“The book is an extended interview with His Holiness, now 82 years old, who was voted in a global survey as being the nicest person on the planet. His Holiness has been working for peace his entire lifetime.”
“Intolerance leads to hatred and division. Even our children should grow up with the idea that dialogue, and not violence, is the best and most practical way to solve conflicts. The young generations have a great responsibility to ensure that the world becomes a more peaceful place for all. But this can only become reality if our educational systems educate not only the brain but also the heart. The educational systems of the future should place greater emphasis on strengthening human abilities, such as warm-heartedness, the sense of oneness of humanity and love.I see with ever greater clarity that our spiritual well-being depends not on religion, but on our innate human nature, our natural affinity for goodness, compassion, and caring for others. Regardless of whether or not we belong to a religion, we all have a fundamental and profoundly human wellspring of ethics within ourselves. We need to nurture that shared ethical basis. Ethics, as opposed to religion, are grounded in human nature. And that is how we can work on preserving creation. That is religion and ethics put into practice. Empathy is the basis of human coexistence. It is my belief that human development relies on cooperation and not competition. That is scientifically proven.” Dalai Lama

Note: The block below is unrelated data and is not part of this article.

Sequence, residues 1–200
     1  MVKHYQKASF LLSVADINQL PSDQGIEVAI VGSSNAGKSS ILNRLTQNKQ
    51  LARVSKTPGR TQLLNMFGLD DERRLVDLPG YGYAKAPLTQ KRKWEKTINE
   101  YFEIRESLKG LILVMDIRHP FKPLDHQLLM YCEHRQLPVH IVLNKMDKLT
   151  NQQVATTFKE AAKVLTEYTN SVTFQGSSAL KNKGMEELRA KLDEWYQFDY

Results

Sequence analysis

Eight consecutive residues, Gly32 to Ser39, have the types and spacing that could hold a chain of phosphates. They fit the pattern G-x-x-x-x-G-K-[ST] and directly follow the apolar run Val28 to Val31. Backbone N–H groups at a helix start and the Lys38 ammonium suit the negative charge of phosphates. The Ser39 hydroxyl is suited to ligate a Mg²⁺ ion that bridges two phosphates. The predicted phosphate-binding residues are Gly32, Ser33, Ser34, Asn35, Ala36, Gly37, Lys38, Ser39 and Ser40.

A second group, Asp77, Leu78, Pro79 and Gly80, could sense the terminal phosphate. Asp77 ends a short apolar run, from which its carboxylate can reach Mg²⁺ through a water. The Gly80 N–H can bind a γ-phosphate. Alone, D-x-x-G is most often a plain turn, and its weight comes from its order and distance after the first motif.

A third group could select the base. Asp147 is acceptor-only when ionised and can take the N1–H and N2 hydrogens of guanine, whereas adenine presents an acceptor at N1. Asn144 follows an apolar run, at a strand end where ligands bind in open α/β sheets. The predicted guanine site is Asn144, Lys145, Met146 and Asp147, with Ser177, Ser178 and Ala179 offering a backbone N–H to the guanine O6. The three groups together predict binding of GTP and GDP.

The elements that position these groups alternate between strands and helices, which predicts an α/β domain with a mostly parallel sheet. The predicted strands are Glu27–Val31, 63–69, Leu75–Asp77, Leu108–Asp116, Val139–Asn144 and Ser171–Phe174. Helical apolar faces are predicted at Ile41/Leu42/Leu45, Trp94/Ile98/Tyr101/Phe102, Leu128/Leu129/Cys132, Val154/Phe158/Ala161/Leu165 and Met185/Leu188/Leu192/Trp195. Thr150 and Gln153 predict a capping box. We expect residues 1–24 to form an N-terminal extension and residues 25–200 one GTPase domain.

Read the full story by Azriel ReSchel….
“…power these days looks like decentralized networks in which everyone is a leader and there’s no dominating idol.
“The last few decades have been a social trust apocalypse. The only remaining bonds of trust are local and particular. But people are ingenious. They are figuring out how to build on those ties to weave and redeem the broader social fabric.
“Power structures are in serious flux. The best window I’ve seen into this new world is a book called “New Power,” by Jeremy Heimans and Henry Timms.”
Read the full story by David Brooks….
How can we begin a ceremonial journey that connects us to our ancestors and helps align our work in the world with our highest ideals? Pat McCabe, also known as ‘Woman Stands Shining’ offers a simple morning ritual that has the power to transform our daily lives.
Pat McCabe is a Diné (Navajo) mother, grandmother, activist, artist, writer, ceremonial leader and international speaker. She is a voice for global peace and healing.
Her words are an excerpt from a longer conversation with writer and mythologist Sharon Blackie, in The Hedge School podcast.
“She is the teen fighting to protect Canada’s water — meet 13-year-old Canadian Autumn Peltier. She speaks bravely, confidently and passionately, and as a so-called water walker, Peltier pleaded with Justin Trudeau to protect Canada’s water.”
What I’ve been told through ceremonies is Mother Earth has been surviving for millions of years without us. And it’s taken us less than a century to destroy her — and Mother Earth doesn’t need us, but we need her.
As a Wikwemikong First Nation representative, Autumn also recently addressed the General Assembly on World Water Day at the launch of the UN’s International Decade for Action on Water for Sustainable Development.